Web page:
"Arrhythmia Control System"--is a device that can perform both cardioverting/defibrillating and pacemaking functions. When referred to herein, it equally applies to devices that deliver their energy synchronously with a detected R-wave, and to devices that do not. When used, the term will usually apply to devices that electrically sense/stimulate via electrodes in the right ventricle and right atrium but could also apply to devices that do so only in the right ventricle, in the right atrium alone, in multiple heart chambers, via epicardial patches or leads, or via other sense/stimulation configurations.

"Antitachycardia Pacing (ATP)"--is a technique implemented in some pacemaking devices. Its aim is to pace a rapidly and abnormally beating heart back into a more normal rhythm. Its use implies that the tachyarrhythmia detected is considered not to be so sufficiently haemodynamically compromising that it will endanger vital organs within the anticipated treatment time. ATP may produce a more malignant tachyarrhythmia; for example, ventricular tachycardia (VT) may be paced into ventricular fibrillation (VF). For this reason, ATP is normally implemented only when there is the option to use cardioversion/defibrillation therapy.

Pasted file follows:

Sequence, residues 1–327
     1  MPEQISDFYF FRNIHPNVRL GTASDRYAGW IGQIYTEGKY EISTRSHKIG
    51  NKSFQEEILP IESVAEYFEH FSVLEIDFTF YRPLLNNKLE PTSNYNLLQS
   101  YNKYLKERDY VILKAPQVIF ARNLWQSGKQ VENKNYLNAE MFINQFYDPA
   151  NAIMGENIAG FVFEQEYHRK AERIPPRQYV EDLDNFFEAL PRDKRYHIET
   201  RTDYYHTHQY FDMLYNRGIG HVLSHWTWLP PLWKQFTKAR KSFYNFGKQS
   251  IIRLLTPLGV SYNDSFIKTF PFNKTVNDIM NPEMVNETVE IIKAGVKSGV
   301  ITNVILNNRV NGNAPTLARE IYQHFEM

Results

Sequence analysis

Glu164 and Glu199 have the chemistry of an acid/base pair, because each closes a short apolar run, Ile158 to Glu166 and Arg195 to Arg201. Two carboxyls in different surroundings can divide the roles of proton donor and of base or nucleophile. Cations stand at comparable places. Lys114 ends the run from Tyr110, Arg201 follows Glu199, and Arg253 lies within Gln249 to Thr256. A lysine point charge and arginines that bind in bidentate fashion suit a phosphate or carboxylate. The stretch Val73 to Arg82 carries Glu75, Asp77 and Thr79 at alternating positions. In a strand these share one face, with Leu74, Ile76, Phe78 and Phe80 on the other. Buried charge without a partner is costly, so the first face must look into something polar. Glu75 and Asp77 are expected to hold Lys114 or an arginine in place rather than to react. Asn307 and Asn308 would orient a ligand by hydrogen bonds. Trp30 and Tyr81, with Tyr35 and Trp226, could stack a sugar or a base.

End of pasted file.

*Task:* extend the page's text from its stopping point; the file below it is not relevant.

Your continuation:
BRIEF DESCRIPTION OF THE DRAWINGS

FIG. 1 illustrates a block diagram of an implantable arrhythmia control system in which the present invention is incorporated;

FIG. 2 illustrates a block diagram of a preferred embodiment of an impedance drive/sense circuit utilized in the system of FIG. 1;

FIG. 3 illustrates a block diagram of an alternative embodiment of an impedance drive/sense circuit that may be utilized in the system of FIG. 1;

FIG. 4 illustrates a block diagram of a defibrillation protection circuit that may be utilized in the system of FIG. 1 for the protection of the impedance drive/sense circuit against damage that may be caused by high voltage defibrillation shocks delivered either from an implantable arrhythmia control system, or from an external transthoracic defibrillation system;

FIG. 5 illustrates a block diagram of a pacemaker circuit which may be incorporated within the implantable arrhythmia control system of FIG. 1;

FIG. 6 illustrates a block diagram of a microprocessor which may be incorporated within the implantable arrhythmia control system of FIG. 1;

FIG. 7 illustrates a pictorial representation of the concept of amplitude modulation;